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Peter Carey was born in Australia and now lives in New York. His internationally acclaimed novel, Oscar and Lucinda, won the Booker Prize in 1988.
-- From the Hardcover edition.
The Catchprices of suburban Sydney, Australia are a family in disarray. Their lives are centered around an auto dealership on the verge of collapse despite their fiddling with the books. No one but 16-year-old Benny really cares, and Benny is a psychotic living in a dingy cellar to avoid his father, a one-time child molester. Benny is determined to transform himself, via an expensive set of motivational tapes, a fancy new suit, and use of a depilatory, into the world's greatest car salesman and thus to save the business. His vision, however, is threatened by the arrival of tax inspector Maria Takis, so he sets out in his own warped way to induce her to drop the investigation. This is more than just Benny's story, however. It concerns an entire family coming apart at the seams, plagued by its own history and the frustration of unfulfilled dreams. Carey's greatest strength lies in his characterizations, in his ability to expose the complexity of human experience and see the victim within the victimizer. Disturbing yet alluring, this is highly recommended for collections of serious fiction.-- David W. Henderson, Eckerd Coll. Lib., St. Petersburg, Fla.
The brilliant Australian novelist, whose award-winning Oscar and Lucinda was a macabre, rather Dickensian study of 19th-century religiosity, is working here in the very different territory of contemporary Sydney. Catchprice Motors is a scruffy auto dealership in a moldering suburb, run by a family of bizarre misfits with a history of child molestation. Granny Frieda goes around with explosives in her handbag, lumpy daughter Cathy longs to be a country singer, dour son Mort tries to fight the sexual lures of his own offspring, hyped-up Benny, who has bought a set of expensive audiotapes that promise to change his life; meanwhile Benny's brother Vish has fled to be a Hare Krishna. The family, perpetually at each other's throats, is brought to an even higher level of crisis by the arrival of a pretty--and pregnant--tax inspector, Maria Takis, to look into their dubious books. It is Carey's great gift to make out of this lurid material a book that is gripping, shocking and sometimes even moving--though the Grand Guignol climax does go over the edge. Yet the visceral understanding with which Carey probes these odd psyches, his remarkable eye for decay and corruption, and the humanity with which he presents Maria and her attempt at love linger in the mind despite the melodramatic windup. (Jan.)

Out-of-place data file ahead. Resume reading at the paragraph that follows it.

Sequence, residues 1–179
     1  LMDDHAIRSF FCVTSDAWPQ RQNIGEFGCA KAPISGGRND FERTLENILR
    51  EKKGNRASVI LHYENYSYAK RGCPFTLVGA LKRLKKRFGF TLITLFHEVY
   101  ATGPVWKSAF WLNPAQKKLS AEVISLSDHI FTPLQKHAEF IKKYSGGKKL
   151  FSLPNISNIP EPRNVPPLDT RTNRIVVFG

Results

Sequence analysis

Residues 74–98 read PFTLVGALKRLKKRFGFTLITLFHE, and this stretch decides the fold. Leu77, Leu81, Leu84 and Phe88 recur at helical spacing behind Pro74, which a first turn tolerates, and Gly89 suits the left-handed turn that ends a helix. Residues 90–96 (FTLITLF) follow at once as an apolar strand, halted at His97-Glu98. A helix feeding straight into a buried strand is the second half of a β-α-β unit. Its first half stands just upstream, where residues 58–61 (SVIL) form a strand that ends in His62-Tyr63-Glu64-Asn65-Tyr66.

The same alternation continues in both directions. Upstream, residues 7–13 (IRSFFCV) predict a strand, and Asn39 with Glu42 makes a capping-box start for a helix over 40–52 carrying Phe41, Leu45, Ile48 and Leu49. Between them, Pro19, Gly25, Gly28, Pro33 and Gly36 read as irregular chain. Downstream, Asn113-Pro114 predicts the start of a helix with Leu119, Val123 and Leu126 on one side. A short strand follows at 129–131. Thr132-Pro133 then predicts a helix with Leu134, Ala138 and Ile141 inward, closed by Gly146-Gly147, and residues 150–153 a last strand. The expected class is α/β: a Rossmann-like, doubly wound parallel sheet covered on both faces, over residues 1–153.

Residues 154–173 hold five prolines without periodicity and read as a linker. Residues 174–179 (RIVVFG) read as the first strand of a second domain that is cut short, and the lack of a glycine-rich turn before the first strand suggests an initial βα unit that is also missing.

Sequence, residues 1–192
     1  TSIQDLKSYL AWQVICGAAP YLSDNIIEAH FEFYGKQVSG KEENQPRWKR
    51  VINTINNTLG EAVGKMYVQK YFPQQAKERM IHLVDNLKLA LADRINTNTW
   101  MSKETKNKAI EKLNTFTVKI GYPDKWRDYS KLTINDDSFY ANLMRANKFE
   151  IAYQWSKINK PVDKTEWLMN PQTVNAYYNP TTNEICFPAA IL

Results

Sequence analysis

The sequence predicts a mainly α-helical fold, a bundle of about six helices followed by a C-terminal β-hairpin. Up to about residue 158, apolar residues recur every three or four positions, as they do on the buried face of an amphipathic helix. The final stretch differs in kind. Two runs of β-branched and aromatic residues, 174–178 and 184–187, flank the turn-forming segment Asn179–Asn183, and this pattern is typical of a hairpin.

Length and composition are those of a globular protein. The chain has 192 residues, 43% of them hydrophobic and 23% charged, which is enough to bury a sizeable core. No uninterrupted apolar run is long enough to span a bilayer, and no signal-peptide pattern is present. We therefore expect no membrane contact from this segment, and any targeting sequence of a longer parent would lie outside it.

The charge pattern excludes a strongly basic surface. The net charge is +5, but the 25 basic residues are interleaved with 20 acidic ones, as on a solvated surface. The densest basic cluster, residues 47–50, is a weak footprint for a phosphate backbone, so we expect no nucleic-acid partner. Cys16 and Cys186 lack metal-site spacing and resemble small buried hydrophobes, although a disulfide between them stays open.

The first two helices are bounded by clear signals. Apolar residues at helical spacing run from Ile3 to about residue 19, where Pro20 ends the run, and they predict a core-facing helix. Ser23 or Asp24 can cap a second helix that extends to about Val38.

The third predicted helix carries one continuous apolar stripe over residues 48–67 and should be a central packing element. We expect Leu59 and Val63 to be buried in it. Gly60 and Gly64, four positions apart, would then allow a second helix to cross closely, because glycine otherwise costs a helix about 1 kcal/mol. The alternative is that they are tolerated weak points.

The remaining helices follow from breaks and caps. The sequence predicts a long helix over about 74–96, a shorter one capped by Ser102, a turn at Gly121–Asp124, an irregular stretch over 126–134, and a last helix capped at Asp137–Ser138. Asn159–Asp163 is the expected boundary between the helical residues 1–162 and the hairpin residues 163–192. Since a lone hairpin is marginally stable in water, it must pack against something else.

"Fascinating and refreshing...brilliant." --San Francisco Chronicle
"Glorious entertainment, storytelling at its best, a piece of richly comic invention...mesmerizing." --Boston Globe "[Carey's] work has a wild, chance-taking quality that seems to put him in harmony with the spirit of this age. If he keeps on as he has, he will prove to be one of its finest novelists." --Chicago Tribune